Interview with Itay Levy, founder of Tel-Aviv-based start-up Appoxee and currently Managing Director, Mobile Center of Excellence at Teradata Applications, on the sidelines of the Teradata Connect 2015 conference which took place in London on 9-10 June. He looks at the reasons why it is often difficult to draw on Big Data for marketing purposes, stresses the importance of mobile, and points out the challenges of using the mobile channel for customer engagement.


Itay Levy

L’Atelier: Why have marketing departments been so slow when it comes to data management?

Itay Levy: Well, it’s a combination of factors. First of all, the people currently working in marketing departments don’t always have the expertise to handle the volumes of data coming in from customers nowadays. And although this might seem an easy thing to do when you’re standing outside a company, as a developer I can assure you that it’s very important to know exactly what you’re doing when you start to process data!

To do so you need to have the right tools. For example, it’s essential to think upfront about the data format and where it’s going to be sent once you’ve collected it. Apart from that, difficulties may arise from the fact that data is drawn from different sources. How do I know that I’m not sending the same message to a customer by both SMS and email?

But it’s also a question of mindset – of not being afraid to try things out, to experiment. Sometimes decision-makers are much older than the public they’re trying to communicate with. These managers need to take on board new ways of working with digital and learn to make use of smart analysis tools. These days it’s crucial for a marketer to have a place where all the data on a given customer can be brought together so that s/he can see which channel is the most appropriate for getting in touch with that customer.

                               Source : Teradata 2015 global data-driven marketing survey 

Does a brand have any choice about whether to go mobile these days, or has it become a must?

Yes, organisations do need to get into mobile territory. Nowadays a mobile device is more powerful than an office computer. That’s a fact. It’s no longer enough just for a brand to be accessible via a mobile browser because the mobile channel isn’t only useful for increasing the number of customer touchpoints. It also helps in collecting data, i.e. gathering lots of information on users. And what’s the aim of collecting all this data? To be able to send messages to the user at just the right moment. Timing is crucial now that there are so many apps, screens, and so on.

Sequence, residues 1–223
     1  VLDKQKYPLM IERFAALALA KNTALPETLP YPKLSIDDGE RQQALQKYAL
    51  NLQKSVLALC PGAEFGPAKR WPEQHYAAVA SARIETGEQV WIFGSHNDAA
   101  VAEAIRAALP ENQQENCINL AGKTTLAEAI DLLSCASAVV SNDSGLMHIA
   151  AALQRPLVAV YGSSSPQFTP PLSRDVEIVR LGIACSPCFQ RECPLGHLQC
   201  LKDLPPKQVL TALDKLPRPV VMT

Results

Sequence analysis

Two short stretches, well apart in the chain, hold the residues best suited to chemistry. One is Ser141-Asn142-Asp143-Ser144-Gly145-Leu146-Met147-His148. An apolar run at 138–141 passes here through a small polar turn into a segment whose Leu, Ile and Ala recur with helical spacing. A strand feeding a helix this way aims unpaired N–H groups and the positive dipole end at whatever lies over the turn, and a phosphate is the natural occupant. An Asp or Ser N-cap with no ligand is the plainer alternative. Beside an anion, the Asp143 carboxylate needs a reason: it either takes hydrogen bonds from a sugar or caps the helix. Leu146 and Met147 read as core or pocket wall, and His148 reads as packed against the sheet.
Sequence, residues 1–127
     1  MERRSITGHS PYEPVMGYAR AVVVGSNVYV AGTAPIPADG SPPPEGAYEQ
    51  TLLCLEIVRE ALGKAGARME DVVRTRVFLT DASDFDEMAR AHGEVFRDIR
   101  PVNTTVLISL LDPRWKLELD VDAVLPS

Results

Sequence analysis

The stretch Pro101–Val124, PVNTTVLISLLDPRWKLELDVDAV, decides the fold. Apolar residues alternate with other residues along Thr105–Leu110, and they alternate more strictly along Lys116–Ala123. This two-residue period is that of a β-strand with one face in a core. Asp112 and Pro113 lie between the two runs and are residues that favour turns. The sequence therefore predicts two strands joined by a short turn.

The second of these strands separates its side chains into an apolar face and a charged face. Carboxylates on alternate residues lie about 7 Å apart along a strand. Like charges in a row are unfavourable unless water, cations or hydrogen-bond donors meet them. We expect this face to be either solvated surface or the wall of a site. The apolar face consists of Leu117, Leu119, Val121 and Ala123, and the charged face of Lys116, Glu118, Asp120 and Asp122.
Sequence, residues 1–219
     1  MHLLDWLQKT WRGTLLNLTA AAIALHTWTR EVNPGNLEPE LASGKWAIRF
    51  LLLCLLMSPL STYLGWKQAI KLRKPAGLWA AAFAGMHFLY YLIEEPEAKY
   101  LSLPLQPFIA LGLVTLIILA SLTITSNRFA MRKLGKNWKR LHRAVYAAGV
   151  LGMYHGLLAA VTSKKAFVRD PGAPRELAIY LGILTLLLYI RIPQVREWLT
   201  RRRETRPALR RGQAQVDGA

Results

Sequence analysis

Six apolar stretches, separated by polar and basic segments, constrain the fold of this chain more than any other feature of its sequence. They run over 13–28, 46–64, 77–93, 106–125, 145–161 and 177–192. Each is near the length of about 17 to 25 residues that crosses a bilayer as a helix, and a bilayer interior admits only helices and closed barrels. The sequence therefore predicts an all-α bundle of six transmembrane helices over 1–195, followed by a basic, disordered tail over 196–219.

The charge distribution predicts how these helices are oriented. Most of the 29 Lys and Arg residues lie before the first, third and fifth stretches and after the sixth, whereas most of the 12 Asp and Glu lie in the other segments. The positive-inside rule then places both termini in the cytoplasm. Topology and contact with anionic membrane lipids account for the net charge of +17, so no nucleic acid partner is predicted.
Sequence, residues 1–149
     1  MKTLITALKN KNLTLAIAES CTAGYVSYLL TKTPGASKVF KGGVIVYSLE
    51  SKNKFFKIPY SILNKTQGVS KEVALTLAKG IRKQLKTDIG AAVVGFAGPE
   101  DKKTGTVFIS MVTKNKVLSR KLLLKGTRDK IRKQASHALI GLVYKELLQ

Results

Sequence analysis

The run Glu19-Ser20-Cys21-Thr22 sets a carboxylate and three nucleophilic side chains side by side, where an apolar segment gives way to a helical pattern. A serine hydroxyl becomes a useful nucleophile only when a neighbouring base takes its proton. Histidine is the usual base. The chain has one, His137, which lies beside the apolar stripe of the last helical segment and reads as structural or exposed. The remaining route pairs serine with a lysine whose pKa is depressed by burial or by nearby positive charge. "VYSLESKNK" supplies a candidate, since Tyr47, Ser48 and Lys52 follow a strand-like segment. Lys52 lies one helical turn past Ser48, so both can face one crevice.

When people are on a mobile device, you can’t just regard them as visitors as they are on the Web. They’re now users, and therefore customers or potential customers.

Moreover, the user experience is far more pleasant on mobile. From a sales point of view, when people go onto a website via their computer, they’re just visitors. You’ve done nothing to get them to come on to your site. With a mobile device on the other hand, you have the power to attract them in some way. After all, you’re in their pocket! You can’t just regard them as visitors as they are on the Web. They’re now users, and therefore customers or potential customers.

What information are we able to aggregate today? And what will we be able to do tomorrow?

Nowadays we can collect all the data coming from CRM [Customer Relationship Management] tools, location data, online and offline purchasing history, the browsing path through a website and the various ways in which the user interacts with an app, to give just a few examples. In a few years’ time, with the Internet of Things, we’ll be able to collect even more information on the user – where s/he parks the car, how many kilometres s/he has on the clock, how s/he feels today, etc. However, everything will depend on the user being willing to share data with the company.

Source : Teradata 2015 global data-driven marketing survey

Does a push notification drive engagement?

Well, there are types of push notifications that use buttons or banners so the user doesn’t have to unlock his/her smartphone and go into the app to look at the information. It’s right there in the notification, which therefore becomes a value creator. Used properly in this way, a push notification becomes a powerful tool for the company; it both carries key messages and makes a call to action.

If a mobile notification creates real added value and is sent to the user at just the right moment, it becomes a powerful tool for marketers, a call to action.


By Pauline Canteneur